Bahrain, the GCC's smallest economy, is set to receive support from Saudi Arabia, the UAE and Kuwait to ensure fiscal stability of its financial institutions as the Arabian Gulf state pressured by high external borrowings struggles to recover from a three-year slump in oil prices.
A new programme "designed to strengthen Bahrain's fiscal stability", will be announced by the three states, finance minister Sheikh Ahmed bin Mohammed Al Khalifa said in a statement carried by the state-run Bahrain News Agency on Wednesday. It did not give further details of the financial aid package or when it was expected to be announced.
Meanwhile, a joint statement on the Saudi Press Agency by the trio said they were “in discussions with the authorities in the kingdom of Bahrain to enhance the stability of the financial situation”. They will “consider all options to support Bahrain and to finalise an integrated programme ... to support its economic reforms and fiscal stability,” the statement said.
This is not the first time the sovereigns in the GCC, which accounts for about a third of the world’s proven oil reserves, have come together to financially help their peers in the six-member economic bloc and other Arab nations. The GCC in March 2011 announced a $20 billion aid package for Bahrain and Oman to support their economies, create jobs and upgrade housing and infrastructure over 10-year period.
Bahrain, also the GCC's smallest oil producer, saw finances take a turn for the worse amid the low oil price environment, forcing the government to raise debt in order to plug its budget deficit and maintain public spending. The country’s debt to gross domestic product ratio last year rose to 89 per cent and the International Monetary Fund expects it to climb to 100 per cent of the GDP in 2019.
Bahrain's latest grant from the GCC will likely be in the range of "millions of dollars, not billions", said Jasim Husain, an independent economist based in Bahrain.
"The support should bring about calm in the short term at least. Longer term requires economic reforms and sustained commitments from Saudi Arabia, the UAE and Kuwait," he said.
"[Bahrain's] budget could not spare money for capital spending, hence the significance of the GCC funding," added Mr Husain.
The move by the three Gulf states is aimed at allaying market fears on Bahrain’s debt issues. Its credit risk rose the most in emerging markets this month. The cost of insuring the nation’s debt against default for five years jumped 170 basis points on Monday to 609. The dinar, whose peg to the dollar has been effectively unchanged since 1980, fell on Tuesday in the onshore market to the weakest level since at least 1988, according to a Bloomberg report.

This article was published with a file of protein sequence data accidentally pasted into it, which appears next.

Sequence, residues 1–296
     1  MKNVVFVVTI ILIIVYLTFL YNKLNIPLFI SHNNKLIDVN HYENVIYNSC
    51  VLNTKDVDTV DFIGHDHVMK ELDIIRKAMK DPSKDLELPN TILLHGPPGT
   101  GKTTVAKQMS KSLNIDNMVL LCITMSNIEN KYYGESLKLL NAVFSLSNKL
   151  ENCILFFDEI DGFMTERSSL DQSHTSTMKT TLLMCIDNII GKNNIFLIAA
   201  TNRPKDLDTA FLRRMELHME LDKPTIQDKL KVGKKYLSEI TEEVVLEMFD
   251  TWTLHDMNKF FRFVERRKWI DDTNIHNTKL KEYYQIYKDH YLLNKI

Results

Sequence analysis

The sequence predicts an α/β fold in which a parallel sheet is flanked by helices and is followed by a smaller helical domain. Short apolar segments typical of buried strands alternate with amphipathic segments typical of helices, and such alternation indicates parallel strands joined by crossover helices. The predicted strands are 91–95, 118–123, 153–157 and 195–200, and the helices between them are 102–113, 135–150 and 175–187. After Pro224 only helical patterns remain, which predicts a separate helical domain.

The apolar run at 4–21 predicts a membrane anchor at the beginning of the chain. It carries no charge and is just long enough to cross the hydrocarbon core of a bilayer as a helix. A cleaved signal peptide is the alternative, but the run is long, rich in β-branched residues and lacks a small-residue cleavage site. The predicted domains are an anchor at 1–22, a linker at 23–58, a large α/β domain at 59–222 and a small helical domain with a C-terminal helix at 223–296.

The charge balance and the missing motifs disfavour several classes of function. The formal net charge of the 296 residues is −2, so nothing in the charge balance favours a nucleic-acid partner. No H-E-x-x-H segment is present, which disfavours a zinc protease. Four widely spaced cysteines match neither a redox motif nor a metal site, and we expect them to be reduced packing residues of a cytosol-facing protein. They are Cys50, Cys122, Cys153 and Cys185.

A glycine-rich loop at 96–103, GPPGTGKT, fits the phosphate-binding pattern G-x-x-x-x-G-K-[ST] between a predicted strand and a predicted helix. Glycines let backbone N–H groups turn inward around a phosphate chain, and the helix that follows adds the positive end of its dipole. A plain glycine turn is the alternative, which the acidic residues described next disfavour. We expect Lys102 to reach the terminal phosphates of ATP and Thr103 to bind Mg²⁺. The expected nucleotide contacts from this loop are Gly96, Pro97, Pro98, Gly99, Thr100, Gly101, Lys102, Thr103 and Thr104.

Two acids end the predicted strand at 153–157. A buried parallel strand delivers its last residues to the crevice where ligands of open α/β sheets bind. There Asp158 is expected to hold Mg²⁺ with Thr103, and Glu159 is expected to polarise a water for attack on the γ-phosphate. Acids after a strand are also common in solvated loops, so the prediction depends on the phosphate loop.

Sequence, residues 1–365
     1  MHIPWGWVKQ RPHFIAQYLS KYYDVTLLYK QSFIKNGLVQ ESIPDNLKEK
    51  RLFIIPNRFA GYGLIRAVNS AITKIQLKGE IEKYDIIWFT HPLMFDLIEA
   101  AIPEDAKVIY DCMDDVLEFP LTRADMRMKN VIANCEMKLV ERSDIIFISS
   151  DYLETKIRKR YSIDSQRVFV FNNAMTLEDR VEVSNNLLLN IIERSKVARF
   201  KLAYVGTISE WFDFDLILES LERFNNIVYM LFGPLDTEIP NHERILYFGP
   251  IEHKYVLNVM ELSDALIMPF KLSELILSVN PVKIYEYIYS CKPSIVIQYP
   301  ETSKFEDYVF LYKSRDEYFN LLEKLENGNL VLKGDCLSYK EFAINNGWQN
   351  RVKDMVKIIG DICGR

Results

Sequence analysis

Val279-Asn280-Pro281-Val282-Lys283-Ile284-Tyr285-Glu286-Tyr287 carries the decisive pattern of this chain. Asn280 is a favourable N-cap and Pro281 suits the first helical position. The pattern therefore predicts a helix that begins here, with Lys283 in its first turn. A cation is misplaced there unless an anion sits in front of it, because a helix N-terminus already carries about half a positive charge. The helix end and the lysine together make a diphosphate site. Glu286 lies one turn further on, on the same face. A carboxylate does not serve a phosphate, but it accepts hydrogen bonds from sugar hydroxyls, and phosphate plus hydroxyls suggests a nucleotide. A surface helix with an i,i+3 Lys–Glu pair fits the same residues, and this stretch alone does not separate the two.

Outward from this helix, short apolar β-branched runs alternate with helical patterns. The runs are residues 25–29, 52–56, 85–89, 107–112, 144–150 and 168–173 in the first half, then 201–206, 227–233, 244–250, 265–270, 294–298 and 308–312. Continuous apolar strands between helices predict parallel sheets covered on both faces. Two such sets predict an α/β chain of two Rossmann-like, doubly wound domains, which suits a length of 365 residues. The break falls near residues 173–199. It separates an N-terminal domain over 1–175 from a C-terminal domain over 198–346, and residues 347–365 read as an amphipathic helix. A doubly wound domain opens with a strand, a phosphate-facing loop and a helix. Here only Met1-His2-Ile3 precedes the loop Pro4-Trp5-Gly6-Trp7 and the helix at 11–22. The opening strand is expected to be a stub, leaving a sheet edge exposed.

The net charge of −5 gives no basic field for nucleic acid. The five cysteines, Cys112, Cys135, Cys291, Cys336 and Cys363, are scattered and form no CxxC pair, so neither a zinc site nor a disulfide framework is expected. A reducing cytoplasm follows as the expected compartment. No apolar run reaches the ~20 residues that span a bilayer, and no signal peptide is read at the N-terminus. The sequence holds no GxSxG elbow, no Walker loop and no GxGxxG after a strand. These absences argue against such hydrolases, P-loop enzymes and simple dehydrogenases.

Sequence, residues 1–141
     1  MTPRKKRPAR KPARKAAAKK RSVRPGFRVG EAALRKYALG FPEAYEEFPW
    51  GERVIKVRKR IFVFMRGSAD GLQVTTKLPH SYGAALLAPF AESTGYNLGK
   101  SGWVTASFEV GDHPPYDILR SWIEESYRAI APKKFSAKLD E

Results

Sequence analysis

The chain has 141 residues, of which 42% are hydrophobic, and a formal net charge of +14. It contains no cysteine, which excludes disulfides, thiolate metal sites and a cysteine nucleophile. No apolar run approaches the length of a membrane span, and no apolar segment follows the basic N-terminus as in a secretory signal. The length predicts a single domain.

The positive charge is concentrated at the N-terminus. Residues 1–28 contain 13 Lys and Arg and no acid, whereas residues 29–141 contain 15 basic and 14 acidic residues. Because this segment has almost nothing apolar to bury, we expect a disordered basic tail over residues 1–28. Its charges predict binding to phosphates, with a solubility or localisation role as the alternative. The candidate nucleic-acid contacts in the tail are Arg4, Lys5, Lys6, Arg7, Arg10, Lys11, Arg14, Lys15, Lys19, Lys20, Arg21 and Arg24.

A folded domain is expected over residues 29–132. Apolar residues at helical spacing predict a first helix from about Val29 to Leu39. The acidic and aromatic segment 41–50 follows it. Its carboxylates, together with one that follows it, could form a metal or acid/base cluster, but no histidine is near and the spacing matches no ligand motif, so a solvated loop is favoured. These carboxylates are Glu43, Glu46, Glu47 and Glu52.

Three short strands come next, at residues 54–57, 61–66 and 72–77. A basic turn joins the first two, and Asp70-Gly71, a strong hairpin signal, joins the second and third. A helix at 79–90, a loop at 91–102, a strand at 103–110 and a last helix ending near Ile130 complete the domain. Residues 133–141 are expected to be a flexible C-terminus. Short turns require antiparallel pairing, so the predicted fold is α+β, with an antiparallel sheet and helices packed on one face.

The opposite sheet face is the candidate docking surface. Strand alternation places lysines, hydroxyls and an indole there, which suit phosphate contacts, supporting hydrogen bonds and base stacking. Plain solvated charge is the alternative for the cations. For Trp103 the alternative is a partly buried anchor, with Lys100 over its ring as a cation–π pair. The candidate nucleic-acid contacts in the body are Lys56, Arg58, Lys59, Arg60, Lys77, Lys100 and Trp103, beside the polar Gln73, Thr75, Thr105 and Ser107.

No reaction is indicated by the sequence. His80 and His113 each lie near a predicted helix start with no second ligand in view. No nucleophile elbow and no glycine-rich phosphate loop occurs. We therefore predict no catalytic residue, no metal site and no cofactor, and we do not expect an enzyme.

The Central Bank of Bahrain’s foreign exchange assets had dropped to a 2001 low of about $1.2bn in 2017. They have almost doubled since, helped by cash raised through bond sales but the government has about $2bn of interest payments on bonds through 2019, according to data compiled by Bloomberg.
However, the country’s bonds bounced and currency forwards fell after the pledge of support from its neighbours. The yield on the nation’s dollar bonds due 2028 plunged 96 basis points to 8.65 per cent during early trade in London. Forwards on the dinar due over the next 12 months plummeted 25 per cent to 320 in the offshore market, Bloomberg reported.
“The fact that support [from the three Gulf countries], which was being assumed as implicit is now more explicit, will add a lot to boost investor confidence and enable Bahrain to further tap into the debt market as per its needs, said Nishit Lakhotia, the head of research at Bahrain’s Sico investment bank. “One should also not forget the $7.5bn in GCC development fund provided to Bahrain, which is also a clear evidence of seriousness of UAE, Saudi and Kuwait to help Bahrain when required.”
There was concern among international investors about the “ability of the government to meet its financial obligations such as payment of debt instalments in the absence of unconditional support from Saudi Arabia in particular, and the UAE and Kuwait to a lesser degree”, said Mr Husain.
Mr Lakhotia agreed saying the GCC announcement was "definitely reassuring”, particularly for investors who have been active in the Bahrain government bonds.
Bilal Khan, senior economist, Mena and Pakistan at Standard Chartered Bank, said: “We view the announcement as reassurance to markets following deteriorating investor sentiment towards Bahrain recently. While the news is positive for Bahrain’s financing prospects, we await details on financing commitments before factoring these into our macroeconomic forecasts.”
Despite the rising debt levels, Bahrain’s economy is poised to grow 3.2 per cent this year and is forecast to cut its fiscal deficit to 11 per cent of the GDP in 2018, from 14 per cent last year. The shortfall was as high as 18 per cent in 2016, the IMF said in May.